You never want to reveal vital personal details about yourself when testing character. Pulling back the curtain ever so slightly when appropriate is enough. The disguised god is a lot like being an inquisitor that cannot be seen. Allowing a person to tell me all about themselves or whatever they would prefer to talk about is a good strategy in extracting information I might find pertinent. The intention is to always disclosing their true natures whether they’re conscious of it or not. Also it’s important to keep in mind more than what an individual is actually saying. For example, body language, mode of dress, the way a person carries themselves, changes in voice inflection, and above all the eyes are a good way to delve deeper into a person’s character.
In the context of determining true natures, Xenia can provide simple rules to engage others by. These rules can provide an invaluable tool in the exploration of your own beliefs by opening yourself up to the right amount of necessary tension that may illicit a positive change or growth to your worldview.
Meta is a term that’s been kicking around in various gaming communities for a few years now. When we talk about meta in a game it is the self-referential process which something must be done in order to arrive at a satisfying conclusion. I.E. Winning. This process can be changed and can evolve with time through trial and error. Meta urges players like Rûna urges initiates to seek out the proverbial “hidden.” For instance when you sit down and play a game like Guilty Gear X2 meta compels players to act and react in certain ways against other players. As older strategies for dealing with other players become common place, meta-game evolves as a way to leverage potential future victories against your fellow competitors.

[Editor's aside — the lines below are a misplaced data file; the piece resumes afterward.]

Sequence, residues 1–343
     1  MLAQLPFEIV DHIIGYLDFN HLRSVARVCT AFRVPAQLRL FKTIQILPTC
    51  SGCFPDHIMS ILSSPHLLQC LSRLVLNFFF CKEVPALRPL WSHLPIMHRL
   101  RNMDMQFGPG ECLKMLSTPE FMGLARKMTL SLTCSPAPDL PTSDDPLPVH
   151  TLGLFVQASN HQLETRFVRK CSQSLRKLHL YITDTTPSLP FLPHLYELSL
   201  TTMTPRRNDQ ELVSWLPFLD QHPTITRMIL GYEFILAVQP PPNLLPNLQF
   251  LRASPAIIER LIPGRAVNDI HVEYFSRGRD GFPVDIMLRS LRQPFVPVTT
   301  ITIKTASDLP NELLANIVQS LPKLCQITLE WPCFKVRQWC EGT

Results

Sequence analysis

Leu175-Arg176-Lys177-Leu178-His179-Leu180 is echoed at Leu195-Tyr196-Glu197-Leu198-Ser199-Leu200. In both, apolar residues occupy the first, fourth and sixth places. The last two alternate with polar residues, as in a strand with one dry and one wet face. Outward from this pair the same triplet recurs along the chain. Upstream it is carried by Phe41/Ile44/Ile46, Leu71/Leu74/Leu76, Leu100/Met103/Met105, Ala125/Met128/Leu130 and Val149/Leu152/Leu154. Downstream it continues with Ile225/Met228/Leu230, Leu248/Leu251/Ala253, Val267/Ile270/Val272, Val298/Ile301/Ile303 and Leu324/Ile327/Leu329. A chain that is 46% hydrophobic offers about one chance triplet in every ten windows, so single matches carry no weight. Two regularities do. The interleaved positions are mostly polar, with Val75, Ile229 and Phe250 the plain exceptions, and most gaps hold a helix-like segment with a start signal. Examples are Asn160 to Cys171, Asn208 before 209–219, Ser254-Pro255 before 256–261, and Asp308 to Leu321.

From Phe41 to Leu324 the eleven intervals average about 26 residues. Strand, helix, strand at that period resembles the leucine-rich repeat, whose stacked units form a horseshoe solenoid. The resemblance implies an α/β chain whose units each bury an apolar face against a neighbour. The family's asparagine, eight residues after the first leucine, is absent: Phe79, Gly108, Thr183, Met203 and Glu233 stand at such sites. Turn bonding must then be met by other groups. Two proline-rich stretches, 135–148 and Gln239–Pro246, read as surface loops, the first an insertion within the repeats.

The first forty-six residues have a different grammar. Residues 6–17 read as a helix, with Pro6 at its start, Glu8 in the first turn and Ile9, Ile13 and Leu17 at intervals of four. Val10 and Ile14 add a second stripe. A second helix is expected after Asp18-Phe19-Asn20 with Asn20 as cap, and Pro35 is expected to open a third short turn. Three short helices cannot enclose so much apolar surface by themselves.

Meta, much like Rûna is able to be applied to how we form questions and answers, discover solutions to old problems, and arrive at new questions as a result of those solutions. Compelling literature and television shows, can offer a microcosmic depiction of how the process of Rûna can work and how it also is meta at the same time.
Rûna is what you might call an impelling word. Through Rûna we are driven to seek out seemingly hidden questions and unknown curiosities that burn deep within the mythos of the self. She whispers simplicity to which we reply with dissatisfaction.
First time viewers to the anime (巌窟王) “Gankutsuou,” an adaptation of Dumas’s “The Count of Monte Cristo” is an example of how our curiosity for the world we cannot see can drive us to obsessive investigation. Who is the Count? Why is he making an effort to become acquainted with Albert? What is his relationship to Mercedes? etc.
In the fantasy microcosm that is Gankutsuou we are exposed to a world that is filled with more and more questions. When new details are brought into focus, our perception warps triggering false positives, blurring our interpretation of previous questions we may have had before.
When we witness the mysterious we are driven by our curiosity to discover what makes it so. This is what makes Rûna is an impelling word. This force of curiosity is also the primary cause of how the meta-game in various gaming communities are both created and destroyed.
“Gankutsuou” is an exercise in how the mind can work when exposed to a body of work that provides few answers. It replaces these answers with whispers of details that provide the viewer/witness with questions, and questions within questions. These questions are intentionally meant to steer us off course. And in order to illicit an emotional response through the resolution of the process that is “Gankutsuou” we must be bombarded by an extended session of false answers and questions. This allows us to witness a transformation of the hidden into an unexpected tragic loss of life or ideals.